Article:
Congresswoman Alexandria Ocasio-Cortez breaks down why the idea of democratic socialism isn’t so scary for her generation in an exclusive interview.
- Rep. Alexandria Ocasio-Cortez has described herself as a democratic socialist.
- Critics of the Bronx native have used the often-misunderstood term "socialist" to describe her.
- Socialism is defined as a "state-controlled economy in which private property and income distribution are subject to social control," but academics debate what the term actually means.
- President Trump has tied Democrats to socialism, noting that a progressive agenda could cause the US to fall into a similar state of chaos as Venezuela, in his State of the Union address.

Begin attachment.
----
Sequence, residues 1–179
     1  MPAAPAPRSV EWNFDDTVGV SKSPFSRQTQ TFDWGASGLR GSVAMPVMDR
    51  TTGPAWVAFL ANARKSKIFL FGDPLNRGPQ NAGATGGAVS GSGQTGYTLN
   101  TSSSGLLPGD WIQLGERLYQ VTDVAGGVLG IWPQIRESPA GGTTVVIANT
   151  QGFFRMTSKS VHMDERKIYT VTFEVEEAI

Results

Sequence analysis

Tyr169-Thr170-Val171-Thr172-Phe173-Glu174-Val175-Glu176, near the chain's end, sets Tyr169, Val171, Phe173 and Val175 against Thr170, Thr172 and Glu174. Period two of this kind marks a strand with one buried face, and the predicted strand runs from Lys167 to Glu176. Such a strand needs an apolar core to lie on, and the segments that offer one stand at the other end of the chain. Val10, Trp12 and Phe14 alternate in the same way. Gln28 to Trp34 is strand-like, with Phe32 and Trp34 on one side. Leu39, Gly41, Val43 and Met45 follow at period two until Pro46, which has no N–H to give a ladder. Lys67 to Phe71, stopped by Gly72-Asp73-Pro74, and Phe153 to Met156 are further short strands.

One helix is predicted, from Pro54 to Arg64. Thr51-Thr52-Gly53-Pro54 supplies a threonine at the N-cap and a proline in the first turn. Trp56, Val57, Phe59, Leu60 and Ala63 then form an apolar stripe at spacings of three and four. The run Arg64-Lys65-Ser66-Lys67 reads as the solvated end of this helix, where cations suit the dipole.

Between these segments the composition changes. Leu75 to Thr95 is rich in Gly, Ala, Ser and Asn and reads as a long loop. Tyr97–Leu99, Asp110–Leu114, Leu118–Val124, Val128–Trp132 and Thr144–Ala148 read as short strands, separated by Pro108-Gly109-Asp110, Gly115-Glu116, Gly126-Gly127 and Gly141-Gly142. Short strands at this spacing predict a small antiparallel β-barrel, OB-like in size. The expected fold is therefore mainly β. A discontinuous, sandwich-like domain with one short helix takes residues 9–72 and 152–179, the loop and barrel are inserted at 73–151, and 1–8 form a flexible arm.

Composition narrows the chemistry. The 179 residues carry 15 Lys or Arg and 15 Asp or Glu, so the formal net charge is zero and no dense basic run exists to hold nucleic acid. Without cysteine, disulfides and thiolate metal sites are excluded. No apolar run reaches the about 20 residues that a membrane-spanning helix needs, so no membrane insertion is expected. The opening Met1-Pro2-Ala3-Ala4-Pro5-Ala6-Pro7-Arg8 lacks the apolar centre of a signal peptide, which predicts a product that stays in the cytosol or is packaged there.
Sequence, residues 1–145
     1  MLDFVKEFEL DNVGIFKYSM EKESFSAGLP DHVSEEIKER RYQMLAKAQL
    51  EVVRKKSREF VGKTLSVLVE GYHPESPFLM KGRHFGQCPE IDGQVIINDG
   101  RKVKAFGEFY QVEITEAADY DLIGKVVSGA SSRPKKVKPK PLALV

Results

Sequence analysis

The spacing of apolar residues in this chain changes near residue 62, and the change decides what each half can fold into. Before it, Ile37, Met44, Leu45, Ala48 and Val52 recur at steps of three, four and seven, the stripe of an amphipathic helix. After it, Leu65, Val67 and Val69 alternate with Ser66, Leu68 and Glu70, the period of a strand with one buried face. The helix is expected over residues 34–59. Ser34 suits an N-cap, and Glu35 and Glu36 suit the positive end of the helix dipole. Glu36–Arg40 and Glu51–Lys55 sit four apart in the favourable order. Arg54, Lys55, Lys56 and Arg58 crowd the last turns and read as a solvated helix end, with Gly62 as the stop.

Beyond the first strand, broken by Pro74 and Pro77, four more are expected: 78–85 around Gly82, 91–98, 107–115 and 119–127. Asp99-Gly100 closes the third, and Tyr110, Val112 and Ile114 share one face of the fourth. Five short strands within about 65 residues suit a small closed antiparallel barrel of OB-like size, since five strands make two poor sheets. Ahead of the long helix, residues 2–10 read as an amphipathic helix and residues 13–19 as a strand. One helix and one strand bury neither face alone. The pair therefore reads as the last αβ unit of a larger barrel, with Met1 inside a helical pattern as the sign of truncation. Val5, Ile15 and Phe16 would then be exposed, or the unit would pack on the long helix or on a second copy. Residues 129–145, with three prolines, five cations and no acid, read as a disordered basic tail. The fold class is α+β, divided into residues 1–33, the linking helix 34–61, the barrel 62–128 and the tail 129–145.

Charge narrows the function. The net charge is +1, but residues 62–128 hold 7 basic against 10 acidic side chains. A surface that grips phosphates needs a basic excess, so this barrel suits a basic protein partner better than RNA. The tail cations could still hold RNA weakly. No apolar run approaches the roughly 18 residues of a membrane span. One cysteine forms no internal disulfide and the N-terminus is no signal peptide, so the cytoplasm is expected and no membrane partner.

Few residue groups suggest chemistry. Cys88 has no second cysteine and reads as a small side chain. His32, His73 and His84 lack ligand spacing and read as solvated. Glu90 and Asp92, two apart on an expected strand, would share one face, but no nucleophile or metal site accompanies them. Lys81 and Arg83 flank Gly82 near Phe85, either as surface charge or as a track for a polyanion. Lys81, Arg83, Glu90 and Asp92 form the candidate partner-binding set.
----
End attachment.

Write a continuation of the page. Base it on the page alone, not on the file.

Congresswoman Alexandria Ocasio-Cortez took the country by storm when she beat longtime Democratic incumbent Joseph Crowley in the New York primary.
But how did this 29-year-old Latina, who has described herself as a democratic socialist, become the youngest woman ever elected to Congress?
In an exclusive interview with Business Insider in late December, Ocasio-Cortez broke down why the idea of democratic socialism isn’t so scary for her generation.
“So when millennials talk about concepts like democratic socialism, we're not talking about these kinds of ‘Red Scare’ boogeyman,” she said. “We're talking about countries and systems that already exist that have already been proven to be successful in the modern world."
During the Cold War, animosity toward the Soviet Union manifested into anxiety over the term "socialist," which has since remained an often-misunderstood term in US politics.